Let $\{0\} \subset B \subset \mathbb{C}$ be a connected, simply connected open subset of $\mathbb{C}$ containing $0$.

I am trying to prove that $\sqrt{B}:=\{z \in \mathbb{C} \ | \ z^2 \in B\}$ is connected and simply connected without using the Riemann mapping theorem, but my attemps always stumble over the fact that I would like to use a property of $B$ which is more or less equivalent to an instance of the (Riemann mapping) theorem.

Can anybody find a more elementary solution?

  • $\begingroup$ Trying dividing $B$ into simply-connected regions on which a global square-root exists, then using the van Kampen theorem to show that $\sqrt{B}$ is still simply-connected. (Dealing with $0$ requires a bit of care. I'm not sure this would actually be any more elementary than using the Riemann mapping theorem.) $\endgroup$ – anomaly Sep 20 '16 at 20:53
  • $\begingroup$ Let alone the fact that this is not exactly elementary, I actually don't know how to divide B in such a way. $\endgroup$ – nombre Sep 20 '16 at 21:53

Assume you know that a loop $I\to \Bbb C$ which is surjective on $B_{\epsilon}(0)$ can be homotoped relative to $\Bbb C \setminus B_{\epsilon}(0)$ to a path which is not surjective on $B_{\epsilon}(0)$. Then this path is also homotopic to a path which image does not intersect with $B_{\varepsilon/2}(0)$ relative to $\Bbb C \setminus B_{\epsilon}(0)$.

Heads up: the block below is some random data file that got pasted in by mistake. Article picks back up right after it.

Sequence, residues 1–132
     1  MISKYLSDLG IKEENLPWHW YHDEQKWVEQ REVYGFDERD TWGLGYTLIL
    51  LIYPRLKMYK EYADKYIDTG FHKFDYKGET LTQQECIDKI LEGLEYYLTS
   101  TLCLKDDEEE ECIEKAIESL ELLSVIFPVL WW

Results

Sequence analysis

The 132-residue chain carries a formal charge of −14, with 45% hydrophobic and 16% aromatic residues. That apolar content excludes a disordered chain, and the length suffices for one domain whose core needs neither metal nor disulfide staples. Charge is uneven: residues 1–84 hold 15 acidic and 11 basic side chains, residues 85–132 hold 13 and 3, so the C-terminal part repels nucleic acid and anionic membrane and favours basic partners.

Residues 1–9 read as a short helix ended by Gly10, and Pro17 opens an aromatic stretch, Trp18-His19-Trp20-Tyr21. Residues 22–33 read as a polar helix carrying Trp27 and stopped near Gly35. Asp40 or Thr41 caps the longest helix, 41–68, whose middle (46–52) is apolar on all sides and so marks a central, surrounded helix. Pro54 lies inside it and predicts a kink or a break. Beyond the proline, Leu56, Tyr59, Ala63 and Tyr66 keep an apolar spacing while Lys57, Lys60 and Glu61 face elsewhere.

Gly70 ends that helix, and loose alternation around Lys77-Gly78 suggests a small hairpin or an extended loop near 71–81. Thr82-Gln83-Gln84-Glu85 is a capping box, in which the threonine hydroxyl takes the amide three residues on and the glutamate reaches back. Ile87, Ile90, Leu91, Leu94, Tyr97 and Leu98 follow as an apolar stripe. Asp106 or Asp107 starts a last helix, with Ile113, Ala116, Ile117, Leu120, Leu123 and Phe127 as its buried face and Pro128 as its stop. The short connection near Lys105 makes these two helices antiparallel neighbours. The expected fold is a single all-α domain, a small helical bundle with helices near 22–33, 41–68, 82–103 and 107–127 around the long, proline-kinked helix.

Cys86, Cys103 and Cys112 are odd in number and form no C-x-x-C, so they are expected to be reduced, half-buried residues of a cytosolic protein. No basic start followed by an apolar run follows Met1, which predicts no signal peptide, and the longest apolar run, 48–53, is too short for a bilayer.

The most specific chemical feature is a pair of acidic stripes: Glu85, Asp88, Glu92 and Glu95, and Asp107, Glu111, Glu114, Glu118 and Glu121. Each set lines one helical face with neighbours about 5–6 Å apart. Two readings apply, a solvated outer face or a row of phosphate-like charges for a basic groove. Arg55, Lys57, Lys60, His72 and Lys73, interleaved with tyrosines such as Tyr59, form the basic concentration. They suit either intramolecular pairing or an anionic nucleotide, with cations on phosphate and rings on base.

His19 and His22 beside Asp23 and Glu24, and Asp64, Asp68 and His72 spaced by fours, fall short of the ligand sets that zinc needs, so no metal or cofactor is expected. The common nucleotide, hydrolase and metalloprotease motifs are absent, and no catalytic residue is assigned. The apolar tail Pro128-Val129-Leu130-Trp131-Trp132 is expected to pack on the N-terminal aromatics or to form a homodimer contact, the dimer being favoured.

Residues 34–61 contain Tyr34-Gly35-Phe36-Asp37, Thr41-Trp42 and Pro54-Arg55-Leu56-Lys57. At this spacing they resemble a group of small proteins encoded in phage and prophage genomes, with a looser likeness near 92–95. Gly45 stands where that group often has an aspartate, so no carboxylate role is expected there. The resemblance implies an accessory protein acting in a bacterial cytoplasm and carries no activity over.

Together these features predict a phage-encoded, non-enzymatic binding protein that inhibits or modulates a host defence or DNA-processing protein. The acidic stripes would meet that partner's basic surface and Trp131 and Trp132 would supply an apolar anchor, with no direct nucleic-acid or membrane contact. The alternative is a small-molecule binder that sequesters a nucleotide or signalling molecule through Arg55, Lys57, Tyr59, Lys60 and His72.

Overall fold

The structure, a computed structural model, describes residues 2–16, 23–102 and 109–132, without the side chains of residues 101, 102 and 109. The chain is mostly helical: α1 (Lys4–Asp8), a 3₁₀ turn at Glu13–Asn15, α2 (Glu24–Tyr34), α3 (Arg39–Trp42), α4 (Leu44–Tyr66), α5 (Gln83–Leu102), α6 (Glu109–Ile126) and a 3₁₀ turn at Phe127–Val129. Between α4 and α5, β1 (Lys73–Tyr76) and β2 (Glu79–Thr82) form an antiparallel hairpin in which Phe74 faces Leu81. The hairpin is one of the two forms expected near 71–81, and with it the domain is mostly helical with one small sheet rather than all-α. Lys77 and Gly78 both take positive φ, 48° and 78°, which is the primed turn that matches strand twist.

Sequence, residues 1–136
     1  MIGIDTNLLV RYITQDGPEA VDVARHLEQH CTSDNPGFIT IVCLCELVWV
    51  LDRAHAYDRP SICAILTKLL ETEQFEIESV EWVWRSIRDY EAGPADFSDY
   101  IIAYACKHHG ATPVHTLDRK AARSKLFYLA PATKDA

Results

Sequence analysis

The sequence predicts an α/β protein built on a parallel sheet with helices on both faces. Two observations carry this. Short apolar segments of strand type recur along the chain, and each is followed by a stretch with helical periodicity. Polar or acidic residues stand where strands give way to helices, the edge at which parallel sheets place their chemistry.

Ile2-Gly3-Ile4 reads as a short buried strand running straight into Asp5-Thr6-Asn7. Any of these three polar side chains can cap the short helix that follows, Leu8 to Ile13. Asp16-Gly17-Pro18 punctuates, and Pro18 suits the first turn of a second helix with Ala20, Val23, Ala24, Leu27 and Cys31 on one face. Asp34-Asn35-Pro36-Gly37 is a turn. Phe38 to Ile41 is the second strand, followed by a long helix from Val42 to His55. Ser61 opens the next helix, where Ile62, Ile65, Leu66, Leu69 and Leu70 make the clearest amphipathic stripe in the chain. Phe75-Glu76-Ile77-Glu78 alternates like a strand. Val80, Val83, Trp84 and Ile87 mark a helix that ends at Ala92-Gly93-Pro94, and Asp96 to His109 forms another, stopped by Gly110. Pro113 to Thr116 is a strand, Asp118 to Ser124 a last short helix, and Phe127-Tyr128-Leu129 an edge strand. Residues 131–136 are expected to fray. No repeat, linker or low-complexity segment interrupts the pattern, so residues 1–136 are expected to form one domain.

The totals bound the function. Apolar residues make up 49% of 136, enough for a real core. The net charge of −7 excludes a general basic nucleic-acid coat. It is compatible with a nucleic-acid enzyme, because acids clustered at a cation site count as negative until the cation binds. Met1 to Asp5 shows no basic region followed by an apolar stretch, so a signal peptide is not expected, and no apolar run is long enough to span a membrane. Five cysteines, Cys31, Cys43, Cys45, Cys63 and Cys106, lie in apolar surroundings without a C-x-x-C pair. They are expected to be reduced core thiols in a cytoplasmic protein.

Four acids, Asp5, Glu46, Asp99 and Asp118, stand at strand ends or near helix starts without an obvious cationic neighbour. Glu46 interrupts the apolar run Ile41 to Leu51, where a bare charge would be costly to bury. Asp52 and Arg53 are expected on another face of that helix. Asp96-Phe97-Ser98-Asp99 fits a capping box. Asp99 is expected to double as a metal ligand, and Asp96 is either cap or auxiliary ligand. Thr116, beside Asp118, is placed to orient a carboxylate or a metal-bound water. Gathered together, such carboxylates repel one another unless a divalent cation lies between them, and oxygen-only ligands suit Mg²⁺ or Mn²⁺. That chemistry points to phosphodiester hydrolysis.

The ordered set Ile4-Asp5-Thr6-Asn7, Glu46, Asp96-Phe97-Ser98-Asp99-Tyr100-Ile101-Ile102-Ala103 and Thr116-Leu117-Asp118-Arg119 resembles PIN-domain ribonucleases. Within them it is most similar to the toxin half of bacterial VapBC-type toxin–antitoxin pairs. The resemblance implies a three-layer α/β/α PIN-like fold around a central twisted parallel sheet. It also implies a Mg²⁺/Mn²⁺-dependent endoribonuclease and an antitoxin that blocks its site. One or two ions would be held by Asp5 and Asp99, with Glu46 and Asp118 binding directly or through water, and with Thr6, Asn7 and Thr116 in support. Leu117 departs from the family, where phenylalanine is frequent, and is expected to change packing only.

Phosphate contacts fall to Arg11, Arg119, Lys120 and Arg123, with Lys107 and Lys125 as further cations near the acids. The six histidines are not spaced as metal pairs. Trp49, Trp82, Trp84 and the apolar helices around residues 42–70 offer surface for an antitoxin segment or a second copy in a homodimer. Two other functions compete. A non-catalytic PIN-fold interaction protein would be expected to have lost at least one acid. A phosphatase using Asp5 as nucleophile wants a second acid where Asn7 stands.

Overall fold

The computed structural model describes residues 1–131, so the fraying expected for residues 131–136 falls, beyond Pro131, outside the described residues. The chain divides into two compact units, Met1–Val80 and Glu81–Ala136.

So you can homotop any path $\gamma \colon I \to \sqrt{U}$ to a path $\tilde\gamma \colon I \to \sqrt{U}\setminus B_{\sqrt{\varepsilon/2}}(0)$. But $\tilde\gamma^2$ is homotopic to a path on the circle with radius $\varepsilon/2$. (Just look at a null homotopy of this path in polar coordinates and take the radius $r$ to be $\max(r,\varepsilon/2)$) Then since you know that $(\cdot)^2 \colon \Bbb C^{\times} \to \Bbb C^{\times}$ is a covering, by unique path lifting we can lift this homotopy to $\sqrt{U}$ and then we can easily show that this path is nullhomotopic.

How to prove the first assumption? Look at $\gamma^{-1}(B_{\sqrt{\varepsilon}}(0))$ and $\gamma^{-1}(\Bbb C \setminus B_{\epsilon/2}(0))$ which are both unions of open intervals in $I$. Since $I$ is compact you know that there is a finite number of "subpaths" of $\gamma$ in $B_{\epsilon}(0))$ which cover $B_{\epsilon/2}(0))$. Since there is only a finite number of them, you can homotope them to straight lines and a finite number of straight lines does not cover $B_{\epsilon/2}(0))$.

  • $\begingroup$ This is an interesting proof, thanks. $\endgroup$ – nombre Sep 29 '16 at 7:22

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